As you can see, AiiDA has tracked all the inputs provided to the calculation, allowing you (or anyone else) to reproduce it later on. AiiDA’s record of a calculation is best displayed in the form of a provenance graph


Fig. 2.6 Provenance graph for a single Quantum ESPRESSO calculation.

You can generate such a provenance graph for any calculation or data in AiiDA by running:

verdi node graph generate <PK>

Try to reproduce the figure using the PK of your calculation.


By default, AiiDA uses UUIDs to label nodes in provenance graphs (more about UUIDs vs PKs later). Try using the -h option to figure out how to switch to the PK identifier.

You might wonder what happened under the hood, e.g. where to find the actual input and output files of the calculation. You will learn more about this later – until then, here are a few useful to try:

verdi calcjob inputcat <PK>  # shows the input file of the calculation
verdi calcjob outputcat <PK>  # shows the output file of the calculation
verdi calcjob res <PK>  # shows the parsed output
A few questions you could answer using these commands (optional)
  • How many atoms did the structure contain? How many electrons?

  • How many k-points were specified? How many k-points were actually computed? Why?

  • How many SCF iterations were needed for convergence?

  • How long did Quantum ESPRESSO actually run (wall time)?


Use the grep command to filter the terminal output by keywords, e.g., verdi calc job res 175 | grep wall_time.

2.4. Moving to a different computer

The Quantum ESPRESSO calculation we just ran, was directly executed on the virtual machine. This is fine for tests, but production calculations should typically be run on a remote compute cluster. With AiiDA, moving a calculation from one computer to another means changing one line of code.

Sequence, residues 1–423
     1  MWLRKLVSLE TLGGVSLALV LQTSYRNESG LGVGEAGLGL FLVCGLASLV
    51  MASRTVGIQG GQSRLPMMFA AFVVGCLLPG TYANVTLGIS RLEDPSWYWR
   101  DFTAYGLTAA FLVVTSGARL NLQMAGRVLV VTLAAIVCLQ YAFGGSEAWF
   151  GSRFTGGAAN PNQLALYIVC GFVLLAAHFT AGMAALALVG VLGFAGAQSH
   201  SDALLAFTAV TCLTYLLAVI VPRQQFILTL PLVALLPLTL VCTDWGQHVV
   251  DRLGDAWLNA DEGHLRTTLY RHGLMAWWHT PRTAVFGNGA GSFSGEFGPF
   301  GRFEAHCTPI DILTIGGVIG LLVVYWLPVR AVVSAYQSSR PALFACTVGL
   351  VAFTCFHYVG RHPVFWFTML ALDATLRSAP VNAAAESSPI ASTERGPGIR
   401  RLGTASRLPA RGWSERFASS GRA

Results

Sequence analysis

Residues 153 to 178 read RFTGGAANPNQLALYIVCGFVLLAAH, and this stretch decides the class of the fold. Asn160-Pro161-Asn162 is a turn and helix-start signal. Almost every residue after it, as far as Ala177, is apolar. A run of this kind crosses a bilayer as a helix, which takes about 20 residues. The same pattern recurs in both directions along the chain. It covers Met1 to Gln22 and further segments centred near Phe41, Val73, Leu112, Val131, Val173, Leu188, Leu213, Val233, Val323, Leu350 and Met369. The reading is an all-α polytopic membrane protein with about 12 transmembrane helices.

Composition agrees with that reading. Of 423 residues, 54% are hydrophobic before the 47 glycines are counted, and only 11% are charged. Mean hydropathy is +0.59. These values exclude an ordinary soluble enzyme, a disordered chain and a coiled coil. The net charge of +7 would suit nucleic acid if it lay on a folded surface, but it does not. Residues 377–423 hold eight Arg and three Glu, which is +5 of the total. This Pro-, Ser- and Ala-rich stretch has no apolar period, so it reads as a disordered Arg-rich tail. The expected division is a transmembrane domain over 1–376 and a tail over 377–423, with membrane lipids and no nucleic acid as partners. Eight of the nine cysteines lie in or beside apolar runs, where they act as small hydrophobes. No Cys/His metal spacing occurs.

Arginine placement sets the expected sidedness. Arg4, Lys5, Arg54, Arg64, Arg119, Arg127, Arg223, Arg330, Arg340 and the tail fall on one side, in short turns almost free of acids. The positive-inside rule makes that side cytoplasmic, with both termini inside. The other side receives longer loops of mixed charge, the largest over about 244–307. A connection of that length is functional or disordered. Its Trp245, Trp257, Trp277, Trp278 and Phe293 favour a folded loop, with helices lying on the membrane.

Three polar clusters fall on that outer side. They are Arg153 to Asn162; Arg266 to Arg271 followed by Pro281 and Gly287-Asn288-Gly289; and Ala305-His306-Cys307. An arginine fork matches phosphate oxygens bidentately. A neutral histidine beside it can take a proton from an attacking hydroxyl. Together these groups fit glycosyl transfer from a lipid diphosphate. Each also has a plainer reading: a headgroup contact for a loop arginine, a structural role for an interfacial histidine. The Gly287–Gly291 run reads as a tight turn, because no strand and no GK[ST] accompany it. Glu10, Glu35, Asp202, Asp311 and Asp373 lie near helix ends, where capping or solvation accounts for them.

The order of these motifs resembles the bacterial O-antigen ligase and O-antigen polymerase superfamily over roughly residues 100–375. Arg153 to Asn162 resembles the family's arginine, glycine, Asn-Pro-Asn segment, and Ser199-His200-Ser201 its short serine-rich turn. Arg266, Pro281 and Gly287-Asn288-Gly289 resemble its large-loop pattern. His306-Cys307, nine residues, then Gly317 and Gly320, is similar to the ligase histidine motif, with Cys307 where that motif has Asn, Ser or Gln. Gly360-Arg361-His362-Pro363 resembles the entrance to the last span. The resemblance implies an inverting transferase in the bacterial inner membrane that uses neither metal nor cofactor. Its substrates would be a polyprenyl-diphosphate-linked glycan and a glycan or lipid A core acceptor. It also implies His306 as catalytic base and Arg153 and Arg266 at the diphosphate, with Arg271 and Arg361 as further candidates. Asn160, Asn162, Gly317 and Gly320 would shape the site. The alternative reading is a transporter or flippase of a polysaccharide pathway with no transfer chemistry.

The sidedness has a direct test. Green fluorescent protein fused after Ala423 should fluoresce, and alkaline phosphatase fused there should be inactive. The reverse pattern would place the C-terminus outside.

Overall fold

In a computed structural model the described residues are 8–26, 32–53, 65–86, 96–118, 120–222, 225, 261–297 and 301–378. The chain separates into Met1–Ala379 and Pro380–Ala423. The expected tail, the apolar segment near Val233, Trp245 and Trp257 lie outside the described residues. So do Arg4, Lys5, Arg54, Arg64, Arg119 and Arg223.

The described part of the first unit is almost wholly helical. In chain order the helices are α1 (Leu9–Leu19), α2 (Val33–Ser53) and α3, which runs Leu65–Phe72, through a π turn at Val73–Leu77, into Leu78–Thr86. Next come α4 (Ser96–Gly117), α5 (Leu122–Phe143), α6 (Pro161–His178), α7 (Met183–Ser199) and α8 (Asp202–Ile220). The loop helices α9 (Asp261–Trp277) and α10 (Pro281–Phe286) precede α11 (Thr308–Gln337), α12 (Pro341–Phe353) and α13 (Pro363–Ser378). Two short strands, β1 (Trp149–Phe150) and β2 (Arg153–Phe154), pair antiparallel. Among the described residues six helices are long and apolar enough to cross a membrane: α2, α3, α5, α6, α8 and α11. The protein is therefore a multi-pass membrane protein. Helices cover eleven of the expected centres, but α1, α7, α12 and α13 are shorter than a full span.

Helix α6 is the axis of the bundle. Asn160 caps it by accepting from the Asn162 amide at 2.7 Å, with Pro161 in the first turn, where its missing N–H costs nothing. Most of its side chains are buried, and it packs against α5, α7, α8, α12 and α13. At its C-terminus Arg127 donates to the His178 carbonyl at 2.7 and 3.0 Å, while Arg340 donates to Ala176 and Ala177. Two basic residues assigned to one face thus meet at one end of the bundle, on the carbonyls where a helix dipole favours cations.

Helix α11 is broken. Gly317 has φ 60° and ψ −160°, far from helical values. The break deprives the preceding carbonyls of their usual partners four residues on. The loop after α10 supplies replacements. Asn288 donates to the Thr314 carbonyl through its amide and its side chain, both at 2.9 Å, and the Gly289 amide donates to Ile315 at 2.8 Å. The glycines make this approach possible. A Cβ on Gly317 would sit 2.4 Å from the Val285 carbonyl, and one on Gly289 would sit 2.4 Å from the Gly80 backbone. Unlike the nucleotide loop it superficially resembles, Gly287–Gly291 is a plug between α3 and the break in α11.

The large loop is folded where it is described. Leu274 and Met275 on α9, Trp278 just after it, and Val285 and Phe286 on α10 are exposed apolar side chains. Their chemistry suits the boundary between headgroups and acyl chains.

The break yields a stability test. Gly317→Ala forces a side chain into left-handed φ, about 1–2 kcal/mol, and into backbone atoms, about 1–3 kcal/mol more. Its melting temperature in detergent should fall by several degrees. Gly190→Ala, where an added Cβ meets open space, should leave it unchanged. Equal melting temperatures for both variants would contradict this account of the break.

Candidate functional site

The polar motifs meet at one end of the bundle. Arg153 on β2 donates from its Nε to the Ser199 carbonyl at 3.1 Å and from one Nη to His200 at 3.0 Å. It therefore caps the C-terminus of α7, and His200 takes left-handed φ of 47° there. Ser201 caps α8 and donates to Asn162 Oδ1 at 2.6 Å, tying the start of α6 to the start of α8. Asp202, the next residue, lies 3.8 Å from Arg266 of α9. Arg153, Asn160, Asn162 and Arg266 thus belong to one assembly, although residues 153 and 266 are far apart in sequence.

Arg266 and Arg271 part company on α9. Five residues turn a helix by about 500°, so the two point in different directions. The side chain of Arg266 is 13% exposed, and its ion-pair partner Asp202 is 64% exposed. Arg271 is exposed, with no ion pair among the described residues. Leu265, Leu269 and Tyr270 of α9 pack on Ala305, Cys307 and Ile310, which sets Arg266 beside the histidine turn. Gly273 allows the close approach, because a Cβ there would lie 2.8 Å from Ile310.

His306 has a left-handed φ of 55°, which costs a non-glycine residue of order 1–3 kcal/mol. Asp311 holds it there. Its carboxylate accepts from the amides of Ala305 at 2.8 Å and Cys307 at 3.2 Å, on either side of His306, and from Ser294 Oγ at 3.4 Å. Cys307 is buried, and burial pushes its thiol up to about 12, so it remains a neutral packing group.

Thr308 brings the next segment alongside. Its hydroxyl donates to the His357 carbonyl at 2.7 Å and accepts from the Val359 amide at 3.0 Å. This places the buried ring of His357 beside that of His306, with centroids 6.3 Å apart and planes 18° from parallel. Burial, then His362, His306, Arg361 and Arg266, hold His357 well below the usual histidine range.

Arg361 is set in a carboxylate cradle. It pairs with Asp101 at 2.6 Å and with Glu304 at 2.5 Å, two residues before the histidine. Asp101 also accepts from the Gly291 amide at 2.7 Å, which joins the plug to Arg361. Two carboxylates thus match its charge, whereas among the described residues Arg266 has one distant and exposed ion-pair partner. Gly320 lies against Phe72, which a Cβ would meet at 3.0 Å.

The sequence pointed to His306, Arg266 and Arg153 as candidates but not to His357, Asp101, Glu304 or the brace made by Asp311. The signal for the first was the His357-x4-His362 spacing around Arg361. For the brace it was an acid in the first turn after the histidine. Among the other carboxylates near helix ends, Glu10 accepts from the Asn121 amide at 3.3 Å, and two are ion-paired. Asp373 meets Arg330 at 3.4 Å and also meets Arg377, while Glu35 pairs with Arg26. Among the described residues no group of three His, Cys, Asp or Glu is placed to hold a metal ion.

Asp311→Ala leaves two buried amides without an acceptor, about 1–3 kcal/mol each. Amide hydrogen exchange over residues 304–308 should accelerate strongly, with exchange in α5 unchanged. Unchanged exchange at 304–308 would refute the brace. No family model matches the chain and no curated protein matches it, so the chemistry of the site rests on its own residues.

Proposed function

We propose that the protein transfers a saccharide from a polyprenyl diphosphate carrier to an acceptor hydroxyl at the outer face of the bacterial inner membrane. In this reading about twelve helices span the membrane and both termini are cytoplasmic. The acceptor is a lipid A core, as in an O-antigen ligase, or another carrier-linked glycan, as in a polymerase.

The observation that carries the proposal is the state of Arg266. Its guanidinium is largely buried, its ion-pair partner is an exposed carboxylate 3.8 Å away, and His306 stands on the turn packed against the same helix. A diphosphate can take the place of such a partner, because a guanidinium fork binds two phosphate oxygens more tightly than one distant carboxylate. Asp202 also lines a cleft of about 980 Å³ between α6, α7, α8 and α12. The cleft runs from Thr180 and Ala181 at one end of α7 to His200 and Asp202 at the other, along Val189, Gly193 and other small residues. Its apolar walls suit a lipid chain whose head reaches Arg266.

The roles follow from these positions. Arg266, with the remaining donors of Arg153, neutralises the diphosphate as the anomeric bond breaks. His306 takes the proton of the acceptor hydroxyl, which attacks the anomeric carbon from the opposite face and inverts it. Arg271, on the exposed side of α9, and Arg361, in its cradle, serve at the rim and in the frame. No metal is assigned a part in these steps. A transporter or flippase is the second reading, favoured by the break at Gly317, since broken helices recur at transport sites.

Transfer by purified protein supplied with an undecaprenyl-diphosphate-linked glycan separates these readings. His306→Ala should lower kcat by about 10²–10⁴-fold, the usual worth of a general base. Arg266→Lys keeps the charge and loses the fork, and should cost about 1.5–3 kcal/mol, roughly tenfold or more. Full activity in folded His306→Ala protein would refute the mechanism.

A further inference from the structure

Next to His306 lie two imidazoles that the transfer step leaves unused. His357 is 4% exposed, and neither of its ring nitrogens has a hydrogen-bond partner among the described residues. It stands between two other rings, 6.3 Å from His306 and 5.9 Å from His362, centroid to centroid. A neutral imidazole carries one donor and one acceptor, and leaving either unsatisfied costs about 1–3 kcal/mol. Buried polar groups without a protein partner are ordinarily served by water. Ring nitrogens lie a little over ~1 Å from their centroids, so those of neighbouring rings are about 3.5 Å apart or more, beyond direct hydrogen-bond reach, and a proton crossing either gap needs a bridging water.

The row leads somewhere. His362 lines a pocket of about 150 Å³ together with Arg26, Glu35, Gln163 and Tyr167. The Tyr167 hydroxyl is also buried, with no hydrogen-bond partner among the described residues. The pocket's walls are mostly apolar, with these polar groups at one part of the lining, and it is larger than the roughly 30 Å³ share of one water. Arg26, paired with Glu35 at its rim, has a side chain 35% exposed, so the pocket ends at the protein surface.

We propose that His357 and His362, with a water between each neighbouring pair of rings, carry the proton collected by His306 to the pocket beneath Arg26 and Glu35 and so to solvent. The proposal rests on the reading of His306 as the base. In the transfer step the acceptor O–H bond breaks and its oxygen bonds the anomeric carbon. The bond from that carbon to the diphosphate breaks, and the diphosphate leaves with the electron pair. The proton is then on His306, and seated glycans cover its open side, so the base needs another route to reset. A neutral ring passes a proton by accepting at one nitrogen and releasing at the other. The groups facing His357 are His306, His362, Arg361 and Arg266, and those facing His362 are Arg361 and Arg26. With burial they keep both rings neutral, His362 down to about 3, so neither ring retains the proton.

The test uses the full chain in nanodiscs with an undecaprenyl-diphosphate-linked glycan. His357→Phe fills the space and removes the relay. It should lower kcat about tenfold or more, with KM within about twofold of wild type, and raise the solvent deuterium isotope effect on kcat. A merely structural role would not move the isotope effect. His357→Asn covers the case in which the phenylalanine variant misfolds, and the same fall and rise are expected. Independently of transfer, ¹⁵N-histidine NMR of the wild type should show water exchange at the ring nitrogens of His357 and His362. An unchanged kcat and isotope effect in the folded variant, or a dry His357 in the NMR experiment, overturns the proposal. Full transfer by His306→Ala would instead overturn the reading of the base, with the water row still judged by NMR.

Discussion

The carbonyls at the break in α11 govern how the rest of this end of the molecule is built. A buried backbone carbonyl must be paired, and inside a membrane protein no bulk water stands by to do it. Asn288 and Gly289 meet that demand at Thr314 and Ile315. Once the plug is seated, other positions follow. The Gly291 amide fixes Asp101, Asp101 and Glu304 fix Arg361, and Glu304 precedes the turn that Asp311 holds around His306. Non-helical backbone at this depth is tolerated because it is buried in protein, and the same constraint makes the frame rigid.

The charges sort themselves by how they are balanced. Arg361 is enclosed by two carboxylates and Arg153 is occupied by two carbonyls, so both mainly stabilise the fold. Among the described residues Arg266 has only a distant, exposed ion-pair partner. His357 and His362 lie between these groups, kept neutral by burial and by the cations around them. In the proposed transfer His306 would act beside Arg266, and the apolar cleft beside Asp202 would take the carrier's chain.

For the purposes of this tutorial, you’ll run on your neighbor’s computer. Ask your neighbor for the IP address of their VM. Then, download the neighbor.yml setup template, replace the placeholder by the IP address and let AiiDA know about this computer by running:

verdi computer setup --config neighbor.yml


If you do not have a partner machine available, for example because you are completing this tutorial at a later time, simply use “localhost” instead of the IP address.

AiiDA is now aware of the existence of the computer but you’ll still need to let AiiDA know how to connect to it. AiiDA does this via SSH keys. Your tutorial VM already contains a private SSH key for connecting to the compute user of your neighbor’s machine, so all that is left is to configure it in AiiDA.

Download the neighbor-config.yml configuration template and run:

verdi computer configure ssh neighbor --config neighbor-config.yml --non-interactive


Both verdi computer setup and verdi computer configure can be used interactively without configuration files, which are provided here just to avoid typing errors.

AiiDA should now have access to your neighbor’s computer. Let’s quickly test this:

verdi computer test neighbor

Finally, let AiiDA know about the code we are going to use. We’ve again prepared a template that looks as follows:

label: "qe-6.4.1-pw"
description: "quantum_espresso v6.4.1"
input_plugin: "quantumespresso.pw"  # input plugin for pw.x code
computer: "neighbor"
on_computer: true
remote_abs_path: "/usr/local/bin/pw.x"  # path to executable
prepend_text: "ulimit -s unlimited"  # set stacksize to unlimited
append_text: " "

Download the qe.yml code template and run:

verdi code setup --config qe.yml
verdi code list  # note the label of the new code you just set up!

Now modify the code label in your demo_calcjob.py script to the label of your new code and simply run another calculation using verdi run demo_calcjob.py.

To see what is going on, AiiDA provides a command that lets you jump to the folder of the directory of the calculation on the remote computer:

verdi process list --all  # get PK of new calculation
verdi calcjob gotocomputer <PK>
Have a look around.
  • Do you recognize the different files?